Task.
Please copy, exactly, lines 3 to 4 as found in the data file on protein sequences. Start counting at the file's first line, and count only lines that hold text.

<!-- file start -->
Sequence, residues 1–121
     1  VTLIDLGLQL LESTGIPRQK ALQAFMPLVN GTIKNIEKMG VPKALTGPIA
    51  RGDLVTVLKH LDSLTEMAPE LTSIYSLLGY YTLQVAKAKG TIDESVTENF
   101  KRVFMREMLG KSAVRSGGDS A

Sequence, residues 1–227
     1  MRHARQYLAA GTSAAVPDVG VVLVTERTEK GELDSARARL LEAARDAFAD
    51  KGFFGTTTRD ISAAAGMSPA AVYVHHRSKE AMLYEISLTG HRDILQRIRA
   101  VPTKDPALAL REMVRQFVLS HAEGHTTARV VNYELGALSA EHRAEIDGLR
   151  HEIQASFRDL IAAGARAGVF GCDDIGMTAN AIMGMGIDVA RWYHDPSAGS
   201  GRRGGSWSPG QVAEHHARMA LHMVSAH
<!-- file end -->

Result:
    51  RGDLVTVLKH LDSLTEMAPE LTSIYSLLGY YTLQVAKAKG TIDESVTENF
   101  KRVFMREMLG KSAVRSGGDS A